The OP8320-4 was specifically designed to terminate OPAL-RT TTL digital I/O boards when connections between simulator and units under test are longer than 1.5m (5 feet).
The board provides open sockets, on channel 0, on which you can test various terminations. Once those terminations are confirmed, you can apply the desired termination by soldering components to the appropriate channel.
Current Regulating Diode Specifications: Use through-hole 0.3mm axial diodes and solder using SMT 1206
When connecting OPAL-RT digital inputs or outputs TTL/CMOS boards with third-party devices (or user ECUs), there are certain steps to ensure good signal integrity over transmission lines with a matching scheme to absorb any reflections that may be generated by the source, the driver or load, and the receiver.
The standard termination configuration components are shown in the schematic below. Note that circuits all have diodes installed by default.
With this circuit, the OP8320-4 offers five different options of termination circuit, described below:
|R2. Default configuration 10Ω|
|R3 & C1=0Ω|
|Thevenin||R1 & R3|
|AC||R3 & C1|
Series termination consists of a resistor in series with the driving device output. Users have two alternatives depending on where the resistor is located:
- If the resistor is not located on the device, the value of the resistor should be R = ZO – ZD (ZD is the driver output impedance). Place the resistor as close to the driver as possible.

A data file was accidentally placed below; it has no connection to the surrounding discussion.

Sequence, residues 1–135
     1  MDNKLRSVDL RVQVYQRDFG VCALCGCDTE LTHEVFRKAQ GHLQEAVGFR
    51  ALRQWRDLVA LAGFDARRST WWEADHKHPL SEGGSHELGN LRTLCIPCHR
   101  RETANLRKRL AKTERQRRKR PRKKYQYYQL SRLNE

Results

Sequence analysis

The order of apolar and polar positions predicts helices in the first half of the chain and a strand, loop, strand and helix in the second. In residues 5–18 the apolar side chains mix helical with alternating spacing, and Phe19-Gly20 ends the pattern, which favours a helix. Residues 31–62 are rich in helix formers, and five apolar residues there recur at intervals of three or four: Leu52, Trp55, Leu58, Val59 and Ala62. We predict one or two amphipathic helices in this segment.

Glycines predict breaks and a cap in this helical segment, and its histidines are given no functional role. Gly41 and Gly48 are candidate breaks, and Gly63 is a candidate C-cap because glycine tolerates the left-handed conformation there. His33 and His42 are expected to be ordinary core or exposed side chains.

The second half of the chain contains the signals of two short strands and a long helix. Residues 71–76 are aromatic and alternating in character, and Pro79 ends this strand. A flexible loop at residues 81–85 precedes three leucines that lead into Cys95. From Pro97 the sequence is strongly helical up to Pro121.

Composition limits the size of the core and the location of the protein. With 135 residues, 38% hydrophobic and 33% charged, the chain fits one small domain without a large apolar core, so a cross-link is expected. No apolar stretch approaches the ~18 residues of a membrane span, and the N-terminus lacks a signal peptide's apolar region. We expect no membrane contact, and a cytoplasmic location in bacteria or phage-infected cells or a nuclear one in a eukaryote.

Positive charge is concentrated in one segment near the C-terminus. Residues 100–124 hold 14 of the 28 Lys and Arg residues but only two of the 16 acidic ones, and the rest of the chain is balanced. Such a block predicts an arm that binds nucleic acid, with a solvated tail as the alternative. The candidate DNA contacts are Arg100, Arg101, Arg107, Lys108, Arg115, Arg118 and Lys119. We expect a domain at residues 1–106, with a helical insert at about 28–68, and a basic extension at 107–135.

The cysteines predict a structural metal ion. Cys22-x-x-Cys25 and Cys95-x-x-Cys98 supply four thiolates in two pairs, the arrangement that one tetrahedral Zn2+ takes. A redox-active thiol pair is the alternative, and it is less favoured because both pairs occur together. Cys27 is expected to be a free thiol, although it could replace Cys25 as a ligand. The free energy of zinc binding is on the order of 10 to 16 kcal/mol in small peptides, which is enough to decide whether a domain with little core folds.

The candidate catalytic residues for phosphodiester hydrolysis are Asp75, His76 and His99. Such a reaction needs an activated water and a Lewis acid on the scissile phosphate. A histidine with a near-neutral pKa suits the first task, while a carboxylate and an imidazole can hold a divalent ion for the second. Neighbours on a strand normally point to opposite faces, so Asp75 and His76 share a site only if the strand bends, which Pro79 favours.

- If the resistor is integrated on the device and part of the chip, its value is usually 25Ω ≤ R ≤ 33 Ω (useful for point-to-point driving).
It consists of a single resistor tied to GND. The ideal value of the resistor is R = ZO, and the best placement for it is as close to the receiver as possible. A heavy increase in power occurs, but no further delay is present. There is a relatively low DC noise margin in this configuration.
It involves two split resistors: one resistor (R1) is tied to VCC and the other (R2) is tied to GND. The ideal value of the resistors is R1 = R2 = 2ZO; RT = (R1 x R2)/(R1 + R2), and the best placement for the resistors is as close to the receiver as possible.
This results in a heavy increase in power, with no delay, and is primarily used in backplane designs where proper drive currents must be maintained.
It has a capacitor in series with a resistor, both of which are running parallel to GND. The ideal value of the resistor is R = ZO, and the value of the capacitor should be 60pF < C < 330 pF.
They should both be placed as close to the receiver as possible.
This consumes the most power as the frequency increases, but no additional delay is experienced.
Note: This termination technique can be optimized for only one signal frequency.
It consists of a diode to GND that should be located as close to the receiver as possible. There is no increase in power, no delay, and this configuration is useful for standard backplane terminations.
NOTE: This is the most attractive of all techniques since there is no power increase and no delay.
30V diodes are always installed on all versions of the OP8320 board.